Parent to parent: How Gettysburg’s community fosters personal growth

Gabe Houser ’24 with his parents
Gabe Houser ’24 with his parents Denise and Greg Houser P’24 at Commencement for the Class of 2024 (Photo by Renee Giffroy)

“Gettysburg is all about community and finding your people. Even if you cannot find them now, believe me when I say they are out there just waiting to get to know you.”

This response was how our son, Gabe Houser ’24, partly answered the question, “What does Gettysburg College mean to you?” It appeared in a 2022 article for The Gettysburgian, Gettysburg’s student-led newsmagazine and website. To my wife Denise and I, it was confirmation that our son was finding his place and was well on his way to becoming his own person.

Before arriving at Gettysburg, Gabe learned he had received the David Wills Scholarship for academic achievement. Then, when the COVID-19 pandemic hit, Gabe wanted to attend college within a half-day’s drive of home. I imagine my wife and I are no different than most parents. We not only experienced feelings of happiness, excitement, and pride as our son left for college but also fear and concern for his future and well-being. Remember, this was August 2020, in the middle of the pandemic, something which no one had ever experienced.

Gabe Houser ’24
Gabe Houser ’24 (Photo by Eric Lippe ’24)

Although Gabe had worked hard and proved he could be independent, and my wife and I knew we had done everything we could to prepare him, it was still very stressful to see him go. Our concerns were heightened by the fact that, in addition to having to manage several food allergies, Gabe is neurodivergent with ASD—autism spectrum disorder. 

While I’d like to write that everything was a bed of roses and went great from the start, that was far from the truth. The first three semesters seemed brutal to him. Isolation amid the pandemic, a lack of friends, a sea of masks, and a rigorous academic workload seemed never-ending. What remained constant was the tireless work by faculty and administrative staff and their commitment to the well-being of the student body.

“Gettysburg College promises to provide the means by which a person can gain a greater insight into who they are, what they want to accomplish, and how they will define and lead their own consequential lives.”
– Greg Houser P’24

Staff from the Counseling and Wellness Center engaged Gabe and met with him regularly to help him maintain his mental health. They also arranged for an upperclass mentor to introduce him to campus life—as much as could be possible at that time. Gabe’s academic advisor, Economics Prof. Gokcer Ozgur, supported Gabe throughout his college career by meeting him for lunch and attending Gabe’s theatre performances. Through their efforts, Gabe realized he was part of a larger community and gained the confidence to go outside his comfort zone to join it.

Gabe Houser with Carson Kressley
Gabe Houser ’24 shares a candid moment with Elizabeth Drew ’24 and Carson Kressley ’91 at the Spring Honors Day awards recognition ceremony. (Photo by Renee Giffroy)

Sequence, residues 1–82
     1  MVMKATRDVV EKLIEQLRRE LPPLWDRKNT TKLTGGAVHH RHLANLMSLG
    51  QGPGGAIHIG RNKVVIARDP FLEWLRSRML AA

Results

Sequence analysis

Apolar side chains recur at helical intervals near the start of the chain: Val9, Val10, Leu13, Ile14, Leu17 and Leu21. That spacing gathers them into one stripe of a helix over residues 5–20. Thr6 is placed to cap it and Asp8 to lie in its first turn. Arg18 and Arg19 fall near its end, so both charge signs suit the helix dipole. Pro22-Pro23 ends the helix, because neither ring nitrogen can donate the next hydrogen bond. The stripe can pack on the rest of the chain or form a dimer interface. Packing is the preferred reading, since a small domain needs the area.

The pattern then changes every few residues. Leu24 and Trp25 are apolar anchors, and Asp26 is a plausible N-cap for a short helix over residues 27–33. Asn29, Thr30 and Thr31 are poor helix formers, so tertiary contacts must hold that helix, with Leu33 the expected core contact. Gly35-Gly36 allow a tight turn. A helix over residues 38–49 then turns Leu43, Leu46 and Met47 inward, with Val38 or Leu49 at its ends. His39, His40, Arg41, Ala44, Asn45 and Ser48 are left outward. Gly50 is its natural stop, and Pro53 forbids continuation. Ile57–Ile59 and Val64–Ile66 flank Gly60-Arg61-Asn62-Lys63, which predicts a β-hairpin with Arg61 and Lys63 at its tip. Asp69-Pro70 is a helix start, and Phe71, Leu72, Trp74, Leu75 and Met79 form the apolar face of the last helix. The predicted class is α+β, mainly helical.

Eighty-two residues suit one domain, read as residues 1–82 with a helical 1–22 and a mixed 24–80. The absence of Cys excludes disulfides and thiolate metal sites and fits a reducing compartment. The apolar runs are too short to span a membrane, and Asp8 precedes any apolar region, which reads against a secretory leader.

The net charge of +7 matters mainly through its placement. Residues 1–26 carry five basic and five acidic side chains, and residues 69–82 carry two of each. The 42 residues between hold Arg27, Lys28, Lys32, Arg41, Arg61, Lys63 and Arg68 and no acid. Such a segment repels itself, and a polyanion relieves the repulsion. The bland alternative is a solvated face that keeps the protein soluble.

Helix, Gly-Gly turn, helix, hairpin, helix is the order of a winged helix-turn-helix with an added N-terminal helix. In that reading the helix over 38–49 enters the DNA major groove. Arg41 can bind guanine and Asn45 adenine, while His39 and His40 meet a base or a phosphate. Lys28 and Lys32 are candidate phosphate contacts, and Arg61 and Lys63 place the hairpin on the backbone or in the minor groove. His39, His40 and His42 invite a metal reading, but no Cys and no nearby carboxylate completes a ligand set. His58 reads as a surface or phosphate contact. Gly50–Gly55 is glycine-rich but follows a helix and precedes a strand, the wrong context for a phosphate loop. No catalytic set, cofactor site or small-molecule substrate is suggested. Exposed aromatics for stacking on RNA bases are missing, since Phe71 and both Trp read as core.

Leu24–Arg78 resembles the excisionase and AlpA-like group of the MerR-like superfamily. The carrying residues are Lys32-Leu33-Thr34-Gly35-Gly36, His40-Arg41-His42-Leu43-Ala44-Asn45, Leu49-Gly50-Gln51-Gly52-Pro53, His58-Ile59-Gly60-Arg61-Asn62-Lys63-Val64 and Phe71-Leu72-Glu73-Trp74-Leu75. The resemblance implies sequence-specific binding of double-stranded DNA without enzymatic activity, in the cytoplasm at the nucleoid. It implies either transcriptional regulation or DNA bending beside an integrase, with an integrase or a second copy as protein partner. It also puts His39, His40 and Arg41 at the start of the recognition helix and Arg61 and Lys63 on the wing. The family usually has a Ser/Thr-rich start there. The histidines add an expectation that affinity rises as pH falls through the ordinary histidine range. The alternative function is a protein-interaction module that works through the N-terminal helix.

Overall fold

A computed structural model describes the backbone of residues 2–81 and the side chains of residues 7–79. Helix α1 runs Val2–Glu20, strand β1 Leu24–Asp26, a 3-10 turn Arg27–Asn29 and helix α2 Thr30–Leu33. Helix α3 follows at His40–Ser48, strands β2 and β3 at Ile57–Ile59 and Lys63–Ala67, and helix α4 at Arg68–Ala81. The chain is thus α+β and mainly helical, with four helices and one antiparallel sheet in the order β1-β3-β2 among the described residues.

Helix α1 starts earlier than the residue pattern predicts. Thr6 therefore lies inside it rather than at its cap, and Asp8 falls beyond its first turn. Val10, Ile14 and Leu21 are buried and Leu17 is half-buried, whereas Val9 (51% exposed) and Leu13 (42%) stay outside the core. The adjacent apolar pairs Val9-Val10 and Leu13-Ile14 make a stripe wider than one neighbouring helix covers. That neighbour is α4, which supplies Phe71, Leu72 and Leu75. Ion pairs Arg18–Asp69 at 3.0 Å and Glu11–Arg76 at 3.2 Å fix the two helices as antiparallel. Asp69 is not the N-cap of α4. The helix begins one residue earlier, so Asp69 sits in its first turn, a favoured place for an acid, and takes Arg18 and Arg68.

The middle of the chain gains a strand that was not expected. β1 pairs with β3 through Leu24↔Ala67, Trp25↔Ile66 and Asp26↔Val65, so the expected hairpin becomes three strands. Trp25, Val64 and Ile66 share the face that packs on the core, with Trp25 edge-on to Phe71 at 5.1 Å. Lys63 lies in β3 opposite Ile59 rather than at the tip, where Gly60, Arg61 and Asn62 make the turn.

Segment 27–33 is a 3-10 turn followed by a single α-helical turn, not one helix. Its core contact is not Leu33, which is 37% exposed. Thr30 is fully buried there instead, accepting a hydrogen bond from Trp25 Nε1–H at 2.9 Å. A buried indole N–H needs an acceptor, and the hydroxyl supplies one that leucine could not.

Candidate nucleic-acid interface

Eventually, the masks came off, and the campus community came alive. Gabe met several like-minded neurodivergent students and joined Phoenix Rising, the college’s student organization for neurodivergent students. He had found his community, and he eventually became its treasurer. He also got involved in What’s It Called, a sketch comedy club that puts on live shows in the “Saturday Night Live” vein, and Shots in the Dark, an improv club on campus that hosts live shows. These experiences lead to his decision to become a dual major and add a theatre arts major to his economics major.

Gabe Houser with his parents
Gabe Houser ’24 appears on stage following the completion of his senior theatre arts capstone with his parents, Greg and Denise Houser P’24.

Recently, Gabe staged “Myself and I,” a senior capstone for his theatre arts major. It’s a one-act play about how a young neurodivergent college student manages a radically changing social landscape and thrives in a post-COVID campus environment, learning more about himself and the world around him. Afterward, Eric Lippe ’24, The Gettysburgian’s magazine editor, interviewed him for an article he was writing about the show. The article demonstrates that Gettysburg College is a vibrant community where anyone can “find your people.”

The Gettysburg Approach enables students to acquire a breadth and depth of knowledge and enduring skills to prepare them for their futures. Through the Gettysburg Approach, Gettysburg College promises to provide the means by which a person can gain a greater insight into who they are, what they want to accomplish, and how they will define and lead their own consequential lives. Seeing the young man our son has become, we couldn’t be prouder of what he’s accomplished and more. We’re thankful to everyone at Gettysburg College for providing the environment, community, and support that fostered his growth.

Greg and Denise Houser P’24 of Harleysville, Pennsylvania, are parents of economics and theatre arts major Gabe Houser ’24.

By Greg Houser P’24
Posted: 05/24/24